The 2009 budget extended the maximum duration of payments by five weeks, up to a maximum 50 weeks. This change is positive but temporary, lasting only two years, and does nothing about the program’s Achilles heel – its inadequate coverage of the unemployed in much of Canada.
Liberal Leader Michael Ignatieff advocates uniform work requirements for all workers. We would increase the maximum duration of benefits to 50 weeks, with 360 hours required to qualify anywhere in Canada. But additional immediate changes are needed to get unemployed Canadians through the Great Recession.
The maximum weekly Employment Insurance benefit is now $447. In 1990, it was $570 in inflation-adjusted 2009 dollars, so the real value of weekly benefits has fallen by $123 since the last recession. Many beneficiaries of Employment Insurance get much less. In 2006-07, the average weekly benefit was $360 for men and only $298 for women, substantially below the then $423 maximum. Earnings-replacement should be increased from the current 55 per cent of insurable earnings to 70 per cent, restoring maximum weekly benefits to $570 – their level in the previous recession.
The calculation of weekly benefits includes weeks not worked or only worked part-time before a claim, so a few weeks with low earnings can dramatically reduce average earnings over the 26-week period. This formula discriminates against workers – typically women – with unstable earnings patterns because they work on call, in casual or temporary work. The amount of benefit should be calculated on the best 12 weeks of earnings of the previous 26, so as to allow flexibility to take part-time jobs.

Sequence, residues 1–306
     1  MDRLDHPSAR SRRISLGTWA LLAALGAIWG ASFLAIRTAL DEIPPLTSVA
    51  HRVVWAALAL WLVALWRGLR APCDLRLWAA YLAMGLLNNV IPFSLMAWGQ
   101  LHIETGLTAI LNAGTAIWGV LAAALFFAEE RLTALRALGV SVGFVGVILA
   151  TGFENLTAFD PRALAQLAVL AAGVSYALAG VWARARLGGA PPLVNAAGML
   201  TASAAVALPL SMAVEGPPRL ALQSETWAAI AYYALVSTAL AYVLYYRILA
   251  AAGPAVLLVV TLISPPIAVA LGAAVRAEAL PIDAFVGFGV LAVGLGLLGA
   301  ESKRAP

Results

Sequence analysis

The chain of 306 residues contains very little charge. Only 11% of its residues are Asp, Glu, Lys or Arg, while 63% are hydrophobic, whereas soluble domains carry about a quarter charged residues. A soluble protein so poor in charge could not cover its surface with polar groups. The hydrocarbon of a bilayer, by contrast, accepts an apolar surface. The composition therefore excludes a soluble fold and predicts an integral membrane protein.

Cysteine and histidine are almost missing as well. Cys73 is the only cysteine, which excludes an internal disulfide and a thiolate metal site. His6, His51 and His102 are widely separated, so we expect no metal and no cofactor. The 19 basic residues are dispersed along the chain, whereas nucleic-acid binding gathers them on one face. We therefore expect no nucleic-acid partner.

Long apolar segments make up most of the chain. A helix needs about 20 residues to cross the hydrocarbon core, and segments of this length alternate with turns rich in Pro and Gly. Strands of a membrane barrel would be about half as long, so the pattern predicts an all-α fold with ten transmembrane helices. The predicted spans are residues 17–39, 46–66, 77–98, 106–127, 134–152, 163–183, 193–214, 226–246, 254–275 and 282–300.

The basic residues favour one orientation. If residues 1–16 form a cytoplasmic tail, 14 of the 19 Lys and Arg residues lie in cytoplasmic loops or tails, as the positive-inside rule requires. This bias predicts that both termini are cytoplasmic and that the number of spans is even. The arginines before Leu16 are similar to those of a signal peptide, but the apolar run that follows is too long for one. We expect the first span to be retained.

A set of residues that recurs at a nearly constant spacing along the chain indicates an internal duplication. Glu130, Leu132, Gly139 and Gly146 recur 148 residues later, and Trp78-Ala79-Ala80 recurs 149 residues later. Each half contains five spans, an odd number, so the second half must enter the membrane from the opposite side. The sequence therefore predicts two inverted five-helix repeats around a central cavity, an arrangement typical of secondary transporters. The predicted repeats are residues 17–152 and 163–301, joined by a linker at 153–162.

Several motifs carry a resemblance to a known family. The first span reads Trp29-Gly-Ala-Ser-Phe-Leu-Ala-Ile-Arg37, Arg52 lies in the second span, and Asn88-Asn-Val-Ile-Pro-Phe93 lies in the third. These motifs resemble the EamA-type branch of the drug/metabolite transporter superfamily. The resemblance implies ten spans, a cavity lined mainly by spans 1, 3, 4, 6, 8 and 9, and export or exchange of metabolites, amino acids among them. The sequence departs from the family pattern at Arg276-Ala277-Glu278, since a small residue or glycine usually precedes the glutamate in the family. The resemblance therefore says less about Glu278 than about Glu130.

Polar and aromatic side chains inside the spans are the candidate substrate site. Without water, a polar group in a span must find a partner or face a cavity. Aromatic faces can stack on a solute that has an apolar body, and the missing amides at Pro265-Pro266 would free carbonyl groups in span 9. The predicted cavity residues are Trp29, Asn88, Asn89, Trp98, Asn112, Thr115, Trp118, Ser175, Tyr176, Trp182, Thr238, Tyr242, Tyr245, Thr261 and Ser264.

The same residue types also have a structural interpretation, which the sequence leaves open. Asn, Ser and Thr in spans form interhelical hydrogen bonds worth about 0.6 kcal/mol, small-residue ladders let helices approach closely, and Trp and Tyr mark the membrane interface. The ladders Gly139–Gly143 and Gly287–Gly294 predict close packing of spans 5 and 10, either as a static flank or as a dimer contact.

Such measures would strengthen Employment Insurance, but would still leave many unemployed without coverage. Canada’s entire support system for the unemployed – welfare as well as Employment Insurance – needs to be re-examined through a joint review by the federal, provincial and territorial governments.
Here is a bold new idea: Ottawa should create a new program to complement a stronger Employment Insurance system. The new scheme would pay temporary and time-limited benefits to unemployed workers with low or modest incomes who cannot qualify for Employment Insurance. The new program would prevent tens of thousands of the unemployed from falling onto job-destroying provincial welfare rolls.
Employment Insurance’s financing also needs reform. There is no viable premium-setting policy today: Ottawa makes ad hoc decisions every year, inevitably politicizing the rate decision. The plan should be drawing down accumulated savings from premiums collected during flush years to pump money into the economy during the lean years, thereby helping thousands of businesses to stay afloat and their workers to remain employed. Premiums should be set higher in good economic times and lower when the going gets rough.
Just as we did during the 1930s, the Great Recession of 2009 can be an opportunity to reconstruct our social programs so that we come out of this crisis with a stronger social safety net, better adapted to the realities of a twenty-first century economy.
Michael Mendelson is senior scholar at the Caledon Institute of Social Policy, where Ken Battle and Sherri Torjman are president and vice-president.